If you’re interested in working on open source docs as part of the Season of Docs program, now’s the time to start planning your project proposal. You can contact the organization(s) that you’re interested in right away, and discuss your proposal with them. Talking up front is a great way to ensure you submit the best project proposal that you can. Then you’ll be ready when the technical writer application phase opens on May 29.
Some hints from me
Each open source organization has published a list of ideas for technical writing projects they’d like to complete within the Season of Docs program. (Follow the links from the page of participating open source organizations to see each organization’s project ideas.)
- Remember that you’re the one with technical writing expertise. Write your proposal based on your experience of other projects. Include your plan for design and execution of the project, and scope the project so that it’s achievable within the Season of Docs time frame.
- You can split an organization’s idea into smaller chunks and write a proposal for one or more of those chunks.
- You can also propose an entirely new project idea of your own, based on your exploration of the organization’s open source product and existing docs.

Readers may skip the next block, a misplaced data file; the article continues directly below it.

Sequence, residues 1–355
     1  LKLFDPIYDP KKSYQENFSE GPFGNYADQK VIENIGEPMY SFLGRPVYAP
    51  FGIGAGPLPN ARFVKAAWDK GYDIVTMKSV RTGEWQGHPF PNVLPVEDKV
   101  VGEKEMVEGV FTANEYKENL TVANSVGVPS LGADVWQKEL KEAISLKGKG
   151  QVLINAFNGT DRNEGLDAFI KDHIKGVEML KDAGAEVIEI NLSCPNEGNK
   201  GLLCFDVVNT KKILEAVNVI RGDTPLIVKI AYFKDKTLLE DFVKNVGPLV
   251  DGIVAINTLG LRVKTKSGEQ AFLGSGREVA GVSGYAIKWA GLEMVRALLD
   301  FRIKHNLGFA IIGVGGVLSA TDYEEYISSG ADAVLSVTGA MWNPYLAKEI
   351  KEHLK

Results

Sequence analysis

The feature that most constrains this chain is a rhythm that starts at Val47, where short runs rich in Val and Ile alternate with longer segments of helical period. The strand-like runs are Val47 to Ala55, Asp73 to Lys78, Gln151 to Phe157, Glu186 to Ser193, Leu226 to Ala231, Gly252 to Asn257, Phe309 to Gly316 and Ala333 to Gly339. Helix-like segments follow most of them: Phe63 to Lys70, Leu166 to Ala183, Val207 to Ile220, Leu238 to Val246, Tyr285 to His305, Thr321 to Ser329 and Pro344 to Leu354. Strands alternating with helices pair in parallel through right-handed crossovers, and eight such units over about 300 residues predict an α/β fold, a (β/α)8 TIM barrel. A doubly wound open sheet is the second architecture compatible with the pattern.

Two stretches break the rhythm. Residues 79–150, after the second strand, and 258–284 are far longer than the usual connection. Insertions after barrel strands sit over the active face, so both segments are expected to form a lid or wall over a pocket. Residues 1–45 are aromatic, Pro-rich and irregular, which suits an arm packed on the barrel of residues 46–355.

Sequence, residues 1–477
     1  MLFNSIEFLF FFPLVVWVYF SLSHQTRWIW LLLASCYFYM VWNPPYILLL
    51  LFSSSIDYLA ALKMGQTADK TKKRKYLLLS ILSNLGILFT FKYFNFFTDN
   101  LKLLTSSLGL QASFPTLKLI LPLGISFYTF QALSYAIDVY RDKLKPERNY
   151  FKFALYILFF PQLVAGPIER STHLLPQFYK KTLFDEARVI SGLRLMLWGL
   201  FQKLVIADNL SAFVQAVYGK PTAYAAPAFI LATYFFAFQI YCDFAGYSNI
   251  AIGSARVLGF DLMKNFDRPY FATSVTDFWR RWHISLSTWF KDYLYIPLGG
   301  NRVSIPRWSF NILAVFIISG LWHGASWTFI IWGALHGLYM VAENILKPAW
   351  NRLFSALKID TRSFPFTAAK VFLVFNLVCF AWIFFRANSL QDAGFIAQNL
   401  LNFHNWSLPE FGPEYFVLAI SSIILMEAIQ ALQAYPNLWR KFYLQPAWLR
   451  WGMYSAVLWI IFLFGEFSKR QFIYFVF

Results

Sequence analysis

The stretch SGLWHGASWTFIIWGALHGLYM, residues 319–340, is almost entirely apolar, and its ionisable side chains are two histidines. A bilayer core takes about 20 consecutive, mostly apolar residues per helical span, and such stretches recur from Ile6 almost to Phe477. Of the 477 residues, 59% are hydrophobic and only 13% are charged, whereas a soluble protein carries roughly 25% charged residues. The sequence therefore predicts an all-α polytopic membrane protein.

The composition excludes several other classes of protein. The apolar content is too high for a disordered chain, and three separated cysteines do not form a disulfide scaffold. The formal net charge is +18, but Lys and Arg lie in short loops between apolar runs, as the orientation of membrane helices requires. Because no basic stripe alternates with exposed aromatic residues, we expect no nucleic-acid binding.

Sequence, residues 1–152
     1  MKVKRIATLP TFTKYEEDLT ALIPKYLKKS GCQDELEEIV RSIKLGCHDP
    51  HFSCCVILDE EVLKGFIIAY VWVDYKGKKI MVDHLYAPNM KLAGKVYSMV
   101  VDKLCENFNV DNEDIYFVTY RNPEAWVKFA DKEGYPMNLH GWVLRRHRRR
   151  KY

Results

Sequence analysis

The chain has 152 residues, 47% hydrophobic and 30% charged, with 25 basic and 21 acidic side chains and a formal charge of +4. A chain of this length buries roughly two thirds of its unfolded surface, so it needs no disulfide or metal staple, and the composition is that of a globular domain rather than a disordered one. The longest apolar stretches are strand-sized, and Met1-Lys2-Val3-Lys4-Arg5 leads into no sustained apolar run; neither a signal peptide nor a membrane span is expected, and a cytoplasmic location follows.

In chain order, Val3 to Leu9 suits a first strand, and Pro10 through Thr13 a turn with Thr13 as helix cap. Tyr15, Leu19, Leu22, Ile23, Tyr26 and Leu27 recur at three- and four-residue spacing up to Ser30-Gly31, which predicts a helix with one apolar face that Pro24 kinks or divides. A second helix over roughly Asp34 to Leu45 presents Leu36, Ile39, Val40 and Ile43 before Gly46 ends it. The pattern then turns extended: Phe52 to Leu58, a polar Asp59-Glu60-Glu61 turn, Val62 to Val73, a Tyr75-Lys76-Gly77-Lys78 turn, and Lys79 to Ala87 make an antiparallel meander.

- Read the Season of Docs FAQ and technical writer guide for information on how much time you can expect to spend on a project, and about long-running versus standard-length projects.
- Do get in touch with one or more organizations to talk about the projects they have on offer. They’ll be able to help you design a proposal that you can then submit to Season of Docs. It’s the organizations who’ll eventually choose the technical writers to work on their docs during the program.
- You can talk to as many organizations as you like, and you can submit more than one application to Season of Docs, though only one application will be accepted.
- Your project proposal forms part of your application to Season of Docs. Read the technical writer guide and application hints for help with creating your application.